Another area of dispute between the parties concerns a disciplinary complaint filed against O'Shea by attorneys for Riisna in January 2001 and a counter-complaint filed by O'Shea at about the same time. O'Shea claims that these proceedings were directly related to his representation of Brennan, and that he explained this to Brennan. O'Shea contends that, consistent with their agreement, the invoices that he sent subsequently to Brennan for legal work Page 6 performed on Brennan's behalf reflected time spent preparing, inter alia, a response to the disciplinary complaint filed against him. In addition, O'Shea asserts that Brennan never expressed any contemporaneous objection to the invoice entries concerning work performed in connection with the disciplinary proceedings.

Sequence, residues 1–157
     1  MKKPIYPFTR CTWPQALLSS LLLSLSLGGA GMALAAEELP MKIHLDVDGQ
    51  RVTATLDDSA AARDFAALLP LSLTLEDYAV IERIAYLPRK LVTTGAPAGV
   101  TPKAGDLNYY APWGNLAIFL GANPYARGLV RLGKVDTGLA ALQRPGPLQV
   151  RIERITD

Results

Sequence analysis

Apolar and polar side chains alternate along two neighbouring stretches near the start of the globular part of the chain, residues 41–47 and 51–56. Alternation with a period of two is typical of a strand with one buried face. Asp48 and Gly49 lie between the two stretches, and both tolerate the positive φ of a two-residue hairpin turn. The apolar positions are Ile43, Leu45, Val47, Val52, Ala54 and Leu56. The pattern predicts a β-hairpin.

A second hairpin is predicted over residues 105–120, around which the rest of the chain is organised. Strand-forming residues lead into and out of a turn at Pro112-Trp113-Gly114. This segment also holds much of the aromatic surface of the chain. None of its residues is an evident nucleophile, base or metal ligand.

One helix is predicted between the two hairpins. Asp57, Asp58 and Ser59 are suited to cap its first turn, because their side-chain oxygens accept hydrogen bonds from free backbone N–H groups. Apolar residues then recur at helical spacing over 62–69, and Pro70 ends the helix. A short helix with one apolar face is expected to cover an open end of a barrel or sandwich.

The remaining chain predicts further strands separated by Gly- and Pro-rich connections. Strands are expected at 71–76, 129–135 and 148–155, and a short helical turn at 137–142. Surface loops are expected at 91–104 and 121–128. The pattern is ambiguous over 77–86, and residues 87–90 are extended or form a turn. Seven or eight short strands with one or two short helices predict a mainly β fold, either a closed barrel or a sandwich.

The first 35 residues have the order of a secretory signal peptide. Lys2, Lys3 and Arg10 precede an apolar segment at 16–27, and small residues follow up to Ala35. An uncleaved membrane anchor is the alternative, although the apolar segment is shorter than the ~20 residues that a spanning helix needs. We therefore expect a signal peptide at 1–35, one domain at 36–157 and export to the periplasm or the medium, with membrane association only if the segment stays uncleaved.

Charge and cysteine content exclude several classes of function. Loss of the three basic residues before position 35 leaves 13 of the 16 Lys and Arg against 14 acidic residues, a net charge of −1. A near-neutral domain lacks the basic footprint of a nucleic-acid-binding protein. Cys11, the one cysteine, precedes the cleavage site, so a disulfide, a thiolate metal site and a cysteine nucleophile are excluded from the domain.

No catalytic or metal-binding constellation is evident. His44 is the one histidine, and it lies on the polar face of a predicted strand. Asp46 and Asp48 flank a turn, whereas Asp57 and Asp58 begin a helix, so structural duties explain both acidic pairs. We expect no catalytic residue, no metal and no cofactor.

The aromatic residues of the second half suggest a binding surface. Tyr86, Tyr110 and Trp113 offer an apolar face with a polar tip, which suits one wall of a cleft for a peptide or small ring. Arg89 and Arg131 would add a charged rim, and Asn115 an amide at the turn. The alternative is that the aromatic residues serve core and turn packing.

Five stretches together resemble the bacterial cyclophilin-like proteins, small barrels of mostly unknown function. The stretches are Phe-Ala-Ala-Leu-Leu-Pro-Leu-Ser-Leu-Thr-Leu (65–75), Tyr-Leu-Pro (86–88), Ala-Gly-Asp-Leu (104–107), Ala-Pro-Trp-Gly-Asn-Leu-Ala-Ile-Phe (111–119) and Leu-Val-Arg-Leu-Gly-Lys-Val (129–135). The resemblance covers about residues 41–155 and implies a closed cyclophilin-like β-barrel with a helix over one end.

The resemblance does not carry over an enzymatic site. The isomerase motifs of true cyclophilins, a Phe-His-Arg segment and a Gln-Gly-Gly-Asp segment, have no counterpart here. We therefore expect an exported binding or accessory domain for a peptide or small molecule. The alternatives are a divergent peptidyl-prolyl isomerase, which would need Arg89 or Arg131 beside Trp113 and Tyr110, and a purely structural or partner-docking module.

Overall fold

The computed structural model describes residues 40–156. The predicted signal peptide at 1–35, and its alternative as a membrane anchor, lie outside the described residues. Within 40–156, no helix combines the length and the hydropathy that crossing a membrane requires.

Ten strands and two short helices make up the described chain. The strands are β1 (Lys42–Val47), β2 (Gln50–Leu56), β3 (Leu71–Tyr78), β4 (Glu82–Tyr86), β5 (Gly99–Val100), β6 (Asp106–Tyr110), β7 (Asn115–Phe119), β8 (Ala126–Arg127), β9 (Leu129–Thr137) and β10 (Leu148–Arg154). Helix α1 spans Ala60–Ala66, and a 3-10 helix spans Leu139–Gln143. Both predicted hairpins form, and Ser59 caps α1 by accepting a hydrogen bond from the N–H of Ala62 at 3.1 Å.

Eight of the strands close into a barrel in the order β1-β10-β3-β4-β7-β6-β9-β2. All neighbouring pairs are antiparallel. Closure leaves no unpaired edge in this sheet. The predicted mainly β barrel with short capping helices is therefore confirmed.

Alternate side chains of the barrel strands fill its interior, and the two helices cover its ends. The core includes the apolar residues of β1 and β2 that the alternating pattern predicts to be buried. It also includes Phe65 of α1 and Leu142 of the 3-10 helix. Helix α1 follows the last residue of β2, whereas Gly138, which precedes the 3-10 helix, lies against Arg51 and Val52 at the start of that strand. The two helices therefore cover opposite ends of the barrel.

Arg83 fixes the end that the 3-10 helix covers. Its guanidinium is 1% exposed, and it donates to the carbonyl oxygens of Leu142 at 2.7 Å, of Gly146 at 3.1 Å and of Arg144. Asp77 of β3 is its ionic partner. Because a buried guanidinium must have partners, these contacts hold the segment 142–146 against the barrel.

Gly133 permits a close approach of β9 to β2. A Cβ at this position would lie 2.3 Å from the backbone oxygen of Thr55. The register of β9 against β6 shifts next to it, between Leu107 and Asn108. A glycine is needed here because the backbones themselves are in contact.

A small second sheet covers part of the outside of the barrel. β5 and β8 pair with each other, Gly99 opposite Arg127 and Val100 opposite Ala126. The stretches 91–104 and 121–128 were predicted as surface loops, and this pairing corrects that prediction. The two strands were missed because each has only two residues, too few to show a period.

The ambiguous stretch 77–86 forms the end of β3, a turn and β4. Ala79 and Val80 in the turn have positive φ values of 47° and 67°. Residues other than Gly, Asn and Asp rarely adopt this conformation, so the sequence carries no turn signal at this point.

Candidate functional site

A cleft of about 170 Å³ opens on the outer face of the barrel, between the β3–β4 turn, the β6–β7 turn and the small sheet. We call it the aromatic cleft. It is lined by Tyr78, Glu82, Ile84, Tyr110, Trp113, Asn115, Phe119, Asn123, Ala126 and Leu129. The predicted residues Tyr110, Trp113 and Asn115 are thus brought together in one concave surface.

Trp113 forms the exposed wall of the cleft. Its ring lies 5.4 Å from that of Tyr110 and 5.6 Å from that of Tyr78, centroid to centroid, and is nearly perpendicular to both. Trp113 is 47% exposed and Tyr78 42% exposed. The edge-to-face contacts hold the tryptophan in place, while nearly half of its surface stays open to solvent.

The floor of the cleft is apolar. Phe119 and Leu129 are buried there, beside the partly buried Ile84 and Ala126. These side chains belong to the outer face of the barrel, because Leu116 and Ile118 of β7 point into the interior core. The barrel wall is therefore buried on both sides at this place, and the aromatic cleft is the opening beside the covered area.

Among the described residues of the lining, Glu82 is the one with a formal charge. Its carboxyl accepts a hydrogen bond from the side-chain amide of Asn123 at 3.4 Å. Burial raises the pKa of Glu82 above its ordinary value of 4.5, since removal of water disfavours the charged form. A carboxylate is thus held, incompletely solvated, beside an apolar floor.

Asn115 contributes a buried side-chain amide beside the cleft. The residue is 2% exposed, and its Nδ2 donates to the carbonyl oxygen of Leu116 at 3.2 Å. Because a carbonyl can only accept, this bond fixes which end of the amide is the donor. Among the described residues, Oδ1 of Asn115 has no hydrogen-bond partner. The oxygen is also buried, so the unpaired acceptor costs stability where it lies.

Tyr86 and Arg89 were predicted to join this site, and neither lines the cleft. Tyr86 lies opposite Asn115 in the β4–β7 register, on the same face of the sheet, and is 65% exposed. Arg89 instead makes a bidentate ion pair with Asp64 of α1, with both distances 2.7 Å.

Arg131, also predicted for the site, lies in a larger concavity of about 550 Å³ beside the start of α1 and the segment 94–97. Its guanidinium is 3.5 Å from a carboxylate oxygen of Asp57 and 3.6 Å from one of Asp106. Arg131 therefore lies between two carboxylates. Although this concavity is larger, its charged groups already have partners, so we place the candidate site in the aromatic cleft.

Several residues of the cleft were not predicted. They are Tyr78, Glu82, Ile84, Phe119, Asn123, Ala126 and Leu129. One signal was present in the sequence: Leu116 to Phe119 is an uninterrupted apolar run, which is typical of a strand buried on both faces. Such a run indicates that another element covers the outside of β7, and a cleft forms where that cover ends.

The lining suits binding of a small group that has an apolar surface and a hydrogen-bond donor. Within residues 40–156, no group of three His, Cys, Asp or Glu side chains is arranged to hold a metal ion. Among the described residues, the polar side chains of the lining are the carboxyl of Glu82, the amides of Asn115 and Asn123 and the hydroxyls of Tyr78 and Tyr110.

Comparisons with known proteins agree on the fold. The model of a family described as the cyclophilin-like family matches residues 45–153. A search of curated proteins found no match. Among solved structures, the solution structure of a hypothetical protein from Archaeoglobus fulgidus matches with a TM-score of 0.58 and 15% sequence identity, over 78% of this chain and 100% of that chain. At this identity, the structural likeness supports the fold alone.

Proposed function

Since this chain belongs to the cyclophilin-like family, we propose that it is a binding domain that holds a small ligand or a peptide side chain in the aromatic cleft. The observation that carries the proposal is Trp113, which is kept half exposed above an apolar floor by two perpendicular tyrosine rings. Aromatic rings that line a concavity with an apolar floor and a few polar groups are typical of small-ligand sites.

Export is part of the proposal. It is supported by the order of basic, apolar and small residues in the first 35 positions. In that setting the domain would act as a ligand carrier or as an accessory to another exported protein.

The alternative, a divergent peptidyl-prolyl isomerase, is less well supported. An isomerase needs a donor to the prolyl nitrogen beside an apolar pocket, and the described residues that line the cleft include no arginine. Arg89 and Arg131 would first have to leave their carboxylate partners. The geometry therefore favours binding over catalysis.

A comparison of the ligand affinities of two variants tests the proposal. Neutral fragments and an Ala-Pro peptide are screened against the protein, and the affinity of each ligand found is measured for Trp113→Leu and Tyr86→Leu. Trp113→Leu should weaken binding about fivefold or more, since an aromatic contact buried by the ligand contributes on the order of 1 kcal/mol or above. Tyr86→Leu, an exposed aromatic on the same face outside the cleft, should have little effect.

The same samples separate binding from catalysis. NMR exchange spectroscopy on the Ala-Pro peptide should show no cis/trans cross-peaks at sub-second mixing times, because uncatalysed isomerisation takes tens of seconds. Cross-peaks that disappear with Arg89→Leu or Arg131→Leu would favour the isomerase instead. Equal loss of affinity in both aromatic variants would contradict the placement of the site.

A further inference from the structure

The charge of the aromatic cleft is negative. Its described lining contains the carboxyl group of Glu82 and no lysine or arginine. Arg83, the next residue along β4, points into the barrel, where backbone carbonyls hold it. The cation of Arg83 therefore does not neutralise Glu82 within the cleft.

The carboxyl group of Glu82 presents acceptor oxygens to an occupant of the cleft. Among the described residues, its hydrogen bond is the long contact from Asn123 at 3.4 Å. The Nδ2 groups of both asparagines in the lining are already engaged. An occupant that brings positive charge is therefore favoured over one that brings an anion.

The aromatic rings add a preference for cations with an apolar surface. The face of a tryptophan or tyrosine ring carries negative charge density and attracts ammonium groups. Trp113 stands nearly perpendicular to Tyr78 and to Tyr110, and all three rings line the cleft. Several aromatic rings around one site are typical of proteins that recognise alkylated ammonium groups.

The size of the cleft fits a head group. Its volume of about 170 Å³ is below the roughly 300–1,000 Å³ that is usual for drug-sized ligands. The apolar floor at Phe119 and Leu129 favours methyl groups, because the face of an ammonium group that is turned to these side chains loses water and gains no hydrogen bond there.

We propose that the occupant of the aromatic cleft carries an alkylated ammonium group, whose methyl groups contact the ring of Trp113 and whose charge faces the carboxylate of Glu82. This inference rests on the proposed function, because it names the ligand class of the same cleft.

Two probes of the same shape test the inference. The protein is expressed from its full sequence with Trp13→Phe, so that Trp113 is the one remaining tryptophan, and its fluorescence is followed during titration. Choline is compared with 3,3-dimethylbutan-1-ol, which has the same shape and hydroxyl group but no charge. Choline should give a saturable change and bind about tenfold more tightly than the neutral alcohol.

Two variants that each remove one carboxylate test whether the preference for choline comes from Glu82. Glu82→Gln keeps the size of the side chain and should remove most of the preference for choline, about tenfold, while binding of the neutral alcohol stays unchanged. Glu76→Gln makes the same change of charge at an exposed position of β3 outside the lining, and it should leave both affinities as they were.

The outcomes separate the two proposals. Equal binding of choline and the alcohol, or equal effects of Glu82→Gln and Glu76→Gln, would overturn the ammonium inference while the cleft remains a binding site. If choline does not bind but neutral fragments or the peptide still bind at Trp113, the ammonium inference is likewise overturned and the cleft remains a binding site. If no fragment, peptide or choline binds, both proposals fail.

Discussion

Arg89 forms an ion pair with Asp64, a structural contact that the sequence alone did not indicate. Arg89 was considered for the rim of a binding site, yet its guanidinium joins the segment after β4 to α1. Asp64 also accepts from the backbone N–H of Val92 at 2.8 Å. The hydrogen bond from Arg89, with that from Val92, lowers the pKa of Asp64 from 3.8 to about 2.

Brennan claims that O'Shea did not discuss his intention to charge a fee for services rendered in connection with the disciplinary proceedings until after Brennan objected to the inclusion of such a fee in O'Shea's February 2001 invoice. According to Brennan, this was the first invoice to reflect time spent on the matter. Brennan asserts that, from the time he first discovered that he was being charged legal fees for work done in connection with the disciplinary proceedings, he objected to the fees and refused to pay them.